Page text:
Did Warner Brothers not get the feminist memo?

By Drew Zahn's column

While most of the movie-going audience this week flocked to a vapid vampire movie about young lust, many parents and grandparents looked instead to the animated film “Happy Feet 2” for more family-friendly fare.

And while the penguin flick is far from a classic, its message for families was stunningly countercultural, unexpected, biblically sound and, frankly, inspiring.

In a world of entertainment today that deems “Father Knows Best” as an antiquated, misogynistic premise and instead portrays men as bumbling fools, the pro-Pop message of “Happy Feet 2” is a healthy breath of fresh air.

To be fair, there’s a lot not to like about the somewhat flat and anemic “Happy Feet 2,” beginning with its bland storyline, forced musical numbers and lack of laughs. It too often feels like a sequel merely for sequel’s sake, as though it were thrown together on the back of a napkin, rather than crafted by a true storyteller.

The film is further set against a backdrop of melting glaciers, polar bears losing their homes and human pollution, all of which advances the global warming agenda, though the film does mercifully refrain from moralizing on the topic.

Nonetheless, “Happy Feet 2” threatens to undo decades of the most underhanded work of militant feminism … and for that, it should be praised.


The film follows the travails of young Erik the penguin, a outcast little fellow who doesn’t fit in with his musical, dancing family.

Despite his father’s insistence that he will find his own gifting in time and that it’s OK not to fit in, the little fuzzball looks up instead to another outcast who determines to leave the penguin colony and set out on his own.

When that mentor fails him, Erik finds another hero, a smooth-talking, megachurch, guru penguin named Sven, who inspires a massive congregation of eager worshippers toward positive thinking and good deeds.

For a significant part of the film, Sven is a dazzling star, and the story would bait you into believing the boy is lost to his mesmerizing ways.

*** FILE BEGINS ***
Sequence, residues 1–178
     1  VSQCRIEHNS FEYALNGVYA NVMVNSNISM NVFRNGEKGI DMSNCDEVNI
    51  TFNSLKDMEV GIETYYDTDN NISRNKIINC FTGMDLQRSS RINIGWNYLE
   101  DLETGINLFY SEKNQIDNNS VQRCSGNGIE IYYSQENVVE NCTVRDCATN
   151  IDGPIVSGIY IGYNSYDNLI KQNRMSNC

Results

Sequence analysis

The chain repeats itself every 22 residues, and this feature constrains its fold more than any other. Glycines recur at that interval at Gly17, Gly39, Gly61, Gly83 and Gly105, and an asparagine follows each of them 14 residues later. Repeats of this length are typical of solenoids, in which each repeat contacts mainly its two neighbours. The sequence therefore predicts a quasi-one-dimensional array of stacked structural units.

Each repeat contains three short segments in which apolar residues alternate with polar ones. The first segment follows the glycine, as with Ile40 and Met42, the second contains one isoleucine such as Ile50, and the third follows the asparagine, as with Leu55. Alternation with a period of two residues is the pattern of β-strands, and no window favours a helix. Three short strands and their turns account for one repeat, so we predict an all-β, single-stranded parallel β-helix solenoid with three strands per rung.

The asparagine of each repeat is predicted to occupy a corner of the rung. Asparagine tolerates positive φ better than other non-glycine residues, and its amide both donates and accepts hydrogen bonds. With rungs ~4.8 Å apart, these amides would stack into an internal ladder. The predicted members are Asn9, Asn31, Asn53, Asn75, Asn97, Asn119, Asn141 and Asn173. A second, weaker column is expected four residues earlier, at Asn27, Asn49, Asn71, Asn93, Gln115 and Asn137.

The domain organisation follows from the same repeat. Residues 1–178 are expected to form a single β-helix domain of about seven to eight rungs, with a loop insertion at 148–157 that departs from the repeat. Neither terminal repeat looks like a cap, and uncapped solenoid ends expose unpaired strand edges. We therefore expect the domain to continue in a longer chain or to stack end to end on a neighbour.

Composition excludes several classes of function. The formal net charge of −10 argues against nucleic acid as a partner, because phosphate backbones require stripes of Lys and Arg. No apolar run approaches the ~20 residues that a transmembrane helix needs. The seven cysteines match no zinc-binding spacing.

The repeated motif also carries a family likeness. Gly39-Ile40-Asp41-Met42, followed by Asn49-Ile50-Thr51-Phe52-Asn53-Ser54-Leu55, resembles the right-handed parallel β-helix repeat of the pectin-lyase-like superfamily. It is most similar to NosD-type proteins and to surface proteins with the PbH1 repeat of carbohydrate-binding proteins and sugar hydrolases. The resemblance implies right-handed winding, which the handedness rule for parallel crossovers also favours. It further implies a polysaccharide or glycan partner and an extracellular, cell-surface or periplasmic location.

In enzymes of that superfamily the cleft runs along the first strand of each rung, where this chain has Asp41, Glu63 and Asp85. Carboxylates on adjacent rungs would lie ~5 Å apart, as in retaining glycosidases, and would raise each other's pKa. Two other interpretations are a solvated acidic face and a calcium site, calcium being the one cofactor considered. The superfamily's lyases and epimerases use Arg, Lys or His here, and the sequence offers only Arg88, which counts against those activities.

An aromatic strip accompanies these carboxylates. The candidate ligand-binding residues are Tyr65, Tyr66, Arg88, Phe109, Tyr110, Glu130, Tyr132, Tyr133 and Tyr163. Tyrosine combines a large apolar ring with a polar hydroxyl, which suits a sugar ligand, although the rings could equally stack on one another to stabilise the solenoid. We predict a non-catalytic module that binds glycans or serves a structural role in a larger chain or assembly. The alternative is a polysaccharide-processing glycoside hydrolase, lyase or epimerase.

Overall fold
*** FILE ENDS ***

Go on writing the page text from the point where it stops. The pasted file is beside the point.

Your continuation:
But when Sven turns out to be a charlatan, it would seem Erik has no one left to look up to.

Yet subtly, over and over in the film, when the chips are down and the elephant seal, or the penguin colony or even Erik’s life is in danger, there is one character who comes through again and again. There’s one character who gives of himself, risks himself, does what is right and is willing to move all heaven and earth to save those he loves.

So it is finally that when little Erik does discover his gift (I won’t spoil what that is), he uses it to declare, “My hero: my father!”

I’ll admit, I didn’t see it coming. I’m so accustomed to children’s films preaching that parents are misguided, stupid, don’t understand or all of the above, that it floored me to hear little Erik’s impassioned speech in praise of his pop.

It also stuns the other characters in the scene, and it proves the pivotal moment that enables the film to move toward its triumphant ending (and a fantastic musical number!).

Content advisory:

  • “Happy Feet 2” contains no profanities or obscenities.


  • The film contains some mild, romantic (though not overtly sexual) innuendo and one male character telling another there will be no “hanky panky” between them.


  • The movie contains some slapstick violence, falling, animals fighting and one scene where a leopard seal ravenously chases a penguin through the water. There is also an animated Tweety Bird short preceding the movie that is graphically violent in the ways Sylvester’s attempts at capturing Tweety are thwarted.


  • The film’s religious content is limited to a reference to “millions of years” of evolution and the somewhat church-like ways in which the characters sing the praise of Sven in a sort of black choir-styled song. Sven also preaches a positive-thinking doctrine of “If you want it, you must will it; if you will it, it will be yours” that young audience members may not recognize as empty and may even be tempted to imitate.